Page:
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In the past month, a spate of disappearances involving five teenage runaways, all from a single group home in the Montreal suburb of Laval, has been causing deep worry lines to appear on the foreheads of Quebec parents, journalists, and politicians.
To make matters even more salacious, just about every story on the issue has stated or insinuated that the girls had been lured into prostitution by street gangs. The disappearances had all the necessary elements for a media frenzy: Troubled white suburban teenage girls! Street gangs! The good news is, the five girls eventually were found or returned on their own. Public Security Minister Martin Coiteux said he hoped the new program would lead to more arrests.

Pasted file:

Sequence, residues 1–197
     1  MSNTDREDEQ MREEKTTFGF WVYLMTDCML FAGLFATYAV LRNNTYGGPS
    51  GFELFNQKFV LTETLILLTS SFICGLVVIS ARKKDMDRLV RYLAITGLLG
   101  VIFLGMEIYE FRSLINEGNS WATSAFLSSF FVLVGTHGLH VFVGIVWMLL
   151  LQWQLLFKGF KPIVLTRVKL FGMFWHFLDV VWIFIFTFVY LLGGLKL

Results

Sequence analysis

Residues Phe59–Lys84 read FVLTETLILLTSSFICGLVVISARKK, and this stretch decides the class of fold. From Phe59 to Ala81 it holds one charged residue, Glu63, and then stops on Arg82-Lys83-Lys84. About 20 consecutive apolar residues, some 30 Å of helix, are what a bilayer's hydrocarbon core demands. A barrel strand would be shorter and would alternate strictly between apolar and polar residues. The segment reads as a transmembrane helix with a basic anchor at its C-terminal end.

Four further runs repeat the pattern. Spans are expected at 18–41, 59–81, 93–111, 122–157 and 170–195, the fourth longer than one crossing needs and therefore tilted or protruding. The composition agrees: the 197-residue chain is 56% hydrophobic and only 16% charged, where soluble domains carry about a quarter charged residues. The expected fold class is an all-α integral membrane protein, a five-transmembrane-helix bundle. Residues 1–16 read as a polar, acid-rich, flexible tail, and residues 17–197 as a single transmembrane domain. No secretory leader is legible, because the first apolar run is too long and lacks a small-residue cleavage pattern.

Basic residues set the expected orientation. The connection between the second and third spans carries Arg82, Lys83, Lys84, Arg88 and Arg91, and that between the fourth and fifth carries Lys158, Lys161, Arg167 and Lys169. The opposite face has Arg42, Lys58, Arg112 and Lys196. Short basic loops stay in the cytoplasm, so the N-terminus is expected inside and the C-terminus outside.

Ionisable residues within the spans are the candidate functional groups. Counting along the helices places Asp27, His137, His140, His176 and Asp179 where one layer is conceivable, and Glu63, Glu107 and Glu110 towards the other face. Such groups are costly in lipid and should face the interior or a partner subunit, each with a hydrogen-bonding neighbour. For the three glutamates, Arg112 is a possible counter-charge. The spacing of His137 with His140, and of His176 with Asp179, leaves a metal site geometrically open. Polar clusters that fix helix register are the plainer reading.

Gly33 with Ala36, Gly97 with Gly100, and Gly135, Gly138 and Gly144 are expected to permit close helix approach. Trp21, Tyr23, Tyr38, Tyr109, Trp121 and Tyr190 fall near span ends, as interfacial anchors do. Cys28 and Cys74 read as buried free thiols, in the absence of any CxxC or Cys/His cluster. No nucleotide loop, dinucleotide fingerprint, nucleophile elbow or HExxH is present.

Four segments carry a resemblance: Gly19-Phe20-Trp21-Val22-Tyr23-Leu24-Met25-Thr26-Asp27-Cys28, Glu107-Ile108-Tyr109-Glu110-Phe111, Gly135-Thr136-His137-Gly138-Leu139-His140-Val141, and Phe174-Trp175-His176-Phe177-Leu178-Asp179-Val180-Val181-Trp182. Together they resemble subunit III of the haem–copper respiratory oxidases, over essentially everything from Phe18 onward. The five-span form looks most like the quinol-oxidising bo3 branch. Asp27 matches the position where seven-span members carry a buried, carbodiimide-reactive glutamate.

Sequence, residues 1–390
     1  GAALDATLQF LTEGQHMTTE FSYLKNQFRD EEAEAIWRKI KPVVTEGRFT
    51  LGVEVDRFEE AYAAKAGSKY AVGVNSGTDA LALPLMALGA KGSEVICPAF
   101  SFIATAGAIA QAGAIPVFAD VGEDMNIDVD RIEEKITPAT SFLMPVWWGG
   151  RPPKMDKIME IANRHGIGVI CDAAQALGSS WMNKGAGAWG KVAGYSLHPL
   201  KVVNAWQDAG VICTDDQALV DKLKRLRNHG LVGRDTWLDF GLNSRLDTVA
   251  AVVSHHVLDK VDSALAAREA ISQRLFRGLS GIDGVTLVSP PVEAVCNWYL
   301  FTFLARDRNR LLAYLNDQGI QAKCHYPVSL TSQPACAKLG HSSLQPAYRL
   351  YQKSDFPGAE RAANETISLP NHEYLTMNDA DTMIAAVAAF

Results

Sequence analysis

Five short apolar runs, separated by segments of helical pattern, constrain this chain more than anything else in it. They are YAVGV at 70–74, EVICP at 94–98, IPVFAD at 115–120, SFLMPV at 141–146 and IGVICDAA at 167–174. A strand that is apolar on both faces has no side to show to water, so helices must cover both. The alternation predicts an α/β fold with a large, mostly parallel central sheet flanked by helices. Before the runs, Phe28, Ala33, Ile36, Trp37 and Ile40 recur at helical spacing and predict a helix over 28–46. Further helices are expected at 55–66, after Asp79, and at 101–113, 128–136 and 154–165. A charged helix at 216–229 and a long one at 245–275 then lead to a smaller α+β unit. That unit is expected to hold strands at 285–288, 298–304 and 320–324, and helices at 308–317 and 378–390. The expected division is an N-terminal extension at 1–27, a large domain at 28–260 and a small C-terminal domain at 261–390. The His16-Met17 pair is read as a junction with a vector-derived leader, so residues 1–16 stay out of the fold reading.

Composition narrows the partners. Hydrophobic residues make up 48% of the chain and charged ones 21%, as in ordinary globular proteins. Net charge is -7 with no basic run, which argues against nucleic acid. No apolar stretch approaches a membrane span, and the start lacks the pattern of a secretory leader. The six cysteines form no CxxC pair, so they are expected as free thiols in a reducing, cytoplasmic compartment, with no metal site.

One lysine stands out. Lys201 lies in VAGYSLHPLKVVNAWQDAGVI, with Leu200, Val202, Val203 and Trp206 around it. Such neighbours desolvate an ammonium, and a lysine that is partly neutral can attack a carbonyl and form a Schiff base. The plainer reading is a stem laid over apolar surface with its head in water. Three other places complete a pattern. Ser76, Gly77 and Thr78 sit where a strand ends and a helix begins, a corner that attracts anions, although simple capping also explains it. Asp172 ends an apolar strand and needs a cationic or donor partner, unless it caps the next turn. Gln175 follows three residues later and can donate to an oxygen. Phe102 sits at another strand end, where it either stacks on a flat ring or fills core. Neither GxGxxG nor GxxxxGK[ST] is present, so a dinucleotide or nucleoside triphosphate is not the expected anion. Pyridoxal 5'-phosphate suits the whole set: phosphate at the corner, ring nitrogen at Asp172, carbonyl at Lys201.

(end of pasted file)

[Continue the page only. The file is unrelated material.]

It's a move that Sandra Wesley, the executive director of Montreal sex workers' rights group Stella, describes as hypocritical. She says the disappearances of the girls and the government's response are a distraction, hiding the fact that provincial funding of programs aimed explicitly at combating sexual exploitation of youth are drying up, and will run out at the end of March.
It's as if the government gives up on women once they join the sex industry. All the money and effort is being spent on preventing them from entering it, with little left over to help women once they are actually in—whether they are there voluntarily or not.
Stella already lost one outreach worker due to budget cuts last year. The one taking effect as of April 1 will cost them another, reducing their team from seven to five. They'll also be losing the services of a sexologist, who helped sex workers referred by Stella deal with issues they encounter over the course of their careers.